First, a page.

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Image from page 452 of "Journal of the Academy of Natural Sciences of Philadelphia" (1817)

Image from page 452 of
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Identifier: journalofacademy2101acad
Title: Journal of the Academy of Natural Sciences of Philadelphia
Year: 1817 (1810s)
Authors: Academy of Natural Sciences of Philadelphia
Subjects: Natural history
Publisher: [Philadelphia : The Academy]
Contributing Library: Smithsonian Institution Libraries
Digitizing Sponsor: Biodiversity Heritage Library


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Text Appearing Before Image:
ngton, N. C. The mound was ■ composed of a peculiarly dry sand of a light yellow shade,with occasional bits of charcoal scattered throughout and a limited number of fire-places. Pockets of sand tinged cherry color by the artificial use of the red oxideof iron, increasing in number and in size toward the center, were encounteredthroughout the mound. In all, human remains were met with at eleven points. In one case theburial was in anatomical order. In the remainder but limited portions of theskeleton were represented. The bones were past all possibility of preservation—asomewhat peculiar fact in view of the dry condition of the sand. Sherds were very limited in number, the majority being undecorated, thoughthree or four bore a complicated stamped pattern. No vessels or considerableportions of vessels were encountered. Singly, loose in the sand, were: three arrowheads; one bit of mica; a small celt and several pebbles. With human remains was a portion of a conch [Fulgur). Johnsonmd.

Text Appearing After Image:
Jaroward MAP OF THE St JOHNS RIVER FROM JACKSONVILLE TO THE SEA ^Indicates SanolMound Scale in M iles Jacksonville 452 CERTAIN RIVER MOUNDS OF DUVAL COUNTY, FLORIDA. Three feet from the surface, with a few decaying fragments of human bones,were two flat pieces of fine-grained sandstone,1 one roughly given the shape of ahatchet, the other resembling a keystone—a form sometimes met with in Floridamounds. With these were : a pebble about two inches in diameter ; a coarse sand-stone hone ; seventeen chips of chert; two columellas of marine univalves with partof another; a portion of the body whorl of a conch; one incisor of a large rodent,and several masses of certain fresh-water mussels—three to four dozen in all—laidone within the other. These mussels, Unto Shepardianns, Lea,2 are not reportedfarther south than Georgia nor are any fresh-water mussels present in the tidewater of this portion of the St. Johns or of its tributary creeks. Moreover, themussels of the St. Johns are dist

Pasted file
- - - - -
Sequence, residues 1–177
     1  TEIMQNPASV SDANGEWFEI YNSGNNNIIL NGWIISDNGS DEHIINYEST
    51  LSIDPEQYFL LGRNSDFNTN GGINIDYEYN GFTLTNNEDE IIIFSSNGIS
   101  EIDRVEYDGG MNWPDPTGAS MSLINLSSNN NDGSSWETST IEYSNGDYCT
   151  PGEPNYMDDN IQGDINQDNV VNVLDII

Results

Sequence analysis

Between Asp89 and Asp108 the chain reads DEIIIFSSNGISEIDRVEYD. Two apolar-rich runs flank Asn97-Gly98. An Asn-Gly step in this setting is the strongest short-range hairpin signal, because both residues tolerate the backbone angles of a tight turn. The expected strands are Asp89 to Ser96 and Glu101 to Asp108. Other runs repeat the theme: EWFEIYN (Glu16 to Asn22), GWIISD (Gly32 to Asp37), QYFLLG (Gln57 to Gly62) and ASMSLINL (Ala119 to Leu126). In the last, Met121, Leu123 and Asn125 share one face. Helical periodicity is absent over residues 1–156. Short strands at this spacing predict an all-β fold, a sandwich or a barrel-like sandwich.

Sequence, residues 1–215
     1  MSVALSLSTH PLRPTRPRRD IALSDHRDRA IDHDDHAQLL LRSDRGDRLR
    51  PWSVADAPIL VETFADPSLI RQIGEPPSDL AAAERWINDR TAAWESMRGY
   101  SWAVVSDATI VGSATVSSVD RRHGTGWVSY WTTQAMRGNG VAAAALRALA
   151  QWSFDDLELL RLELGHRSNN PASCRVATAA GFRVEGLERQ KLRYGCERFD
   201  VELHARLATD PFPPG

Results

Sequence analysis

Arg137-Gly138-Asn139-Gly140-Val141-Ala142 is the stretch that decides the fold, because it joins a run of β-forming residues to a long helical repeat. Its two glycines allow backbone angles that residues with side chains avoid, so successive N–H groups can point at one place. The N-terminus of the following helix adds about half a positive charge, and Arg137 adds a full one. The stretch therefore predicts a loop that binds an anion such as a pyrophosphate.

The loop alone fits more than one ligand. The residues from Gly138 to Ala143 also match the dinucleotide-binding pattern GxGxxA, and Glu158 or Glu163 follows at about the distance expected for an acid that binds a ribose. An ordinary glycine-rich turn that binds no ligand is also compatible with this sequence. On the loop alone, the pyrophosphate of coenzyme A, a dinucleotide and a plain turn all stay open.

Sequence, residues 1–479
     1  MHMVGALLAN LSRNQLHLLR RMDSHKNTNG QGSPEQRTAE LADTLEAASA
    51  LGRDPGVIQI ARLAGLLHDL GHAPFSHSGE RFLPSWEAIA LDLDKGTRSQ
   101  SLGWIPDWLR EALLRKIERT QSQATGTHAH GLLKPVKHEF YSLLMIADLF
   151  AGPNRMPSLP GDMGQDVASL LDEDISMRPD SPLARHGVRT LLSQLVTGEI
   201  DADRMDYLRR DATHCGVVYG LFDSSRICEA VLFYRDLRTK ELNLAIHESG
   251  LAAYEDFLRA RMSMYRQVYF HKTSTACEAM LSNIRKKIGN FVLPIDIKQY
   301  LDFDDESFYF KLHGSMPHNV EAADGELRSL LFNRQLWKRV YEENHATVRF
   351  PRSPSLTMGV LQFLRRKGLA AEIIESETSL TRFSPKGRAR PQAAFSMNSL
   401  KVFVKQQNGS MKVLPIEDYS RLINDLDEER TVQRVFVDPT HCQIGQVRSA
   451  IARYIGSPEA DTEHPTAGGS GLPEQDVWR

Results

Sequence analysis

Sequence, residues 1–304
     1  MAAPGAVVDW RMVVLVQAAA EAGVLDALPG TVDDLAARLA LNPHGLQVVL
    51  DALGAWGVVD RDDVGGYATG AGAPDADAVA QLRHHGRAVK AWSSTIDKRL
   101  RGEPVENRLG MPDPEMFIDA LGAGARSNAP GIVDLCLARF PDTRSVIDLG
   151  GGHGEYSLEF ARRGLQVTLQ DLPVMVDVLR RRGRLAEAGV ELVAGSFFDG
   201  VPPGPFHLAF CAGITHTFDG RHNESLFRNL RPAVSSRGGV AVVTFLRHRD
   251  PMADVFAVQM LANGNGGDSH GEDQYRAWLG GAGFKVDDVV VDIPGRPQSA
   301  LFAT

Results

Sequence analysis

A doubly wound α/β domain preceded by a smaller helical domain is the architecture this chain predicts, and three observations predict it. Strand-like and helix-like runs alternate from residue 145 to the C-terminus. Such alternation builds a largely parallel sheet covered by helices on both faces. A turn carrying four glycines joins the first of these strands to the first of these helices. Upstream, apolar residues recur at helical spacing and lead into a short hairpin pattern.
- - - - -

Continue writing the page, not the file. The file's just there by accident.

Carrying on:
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Date: 2014-07-30 01:15:56



bookid:journalofacademy2101acad bookyear:1817 bookdecade:1810 bookcentury:1800 bookauthor:Academy_of_Natural_Sciences_of_Philadelphia booksubject:Natural_history bookpublisher:_Philadelphia___The_Academy_ bookcontributor:Smithsonian_Institution_Libraries booksponsor:Biodiversity_Heritage_Library bookleafnumber:452 bookcollection:biodiversity BHL Collection BHL Consortium

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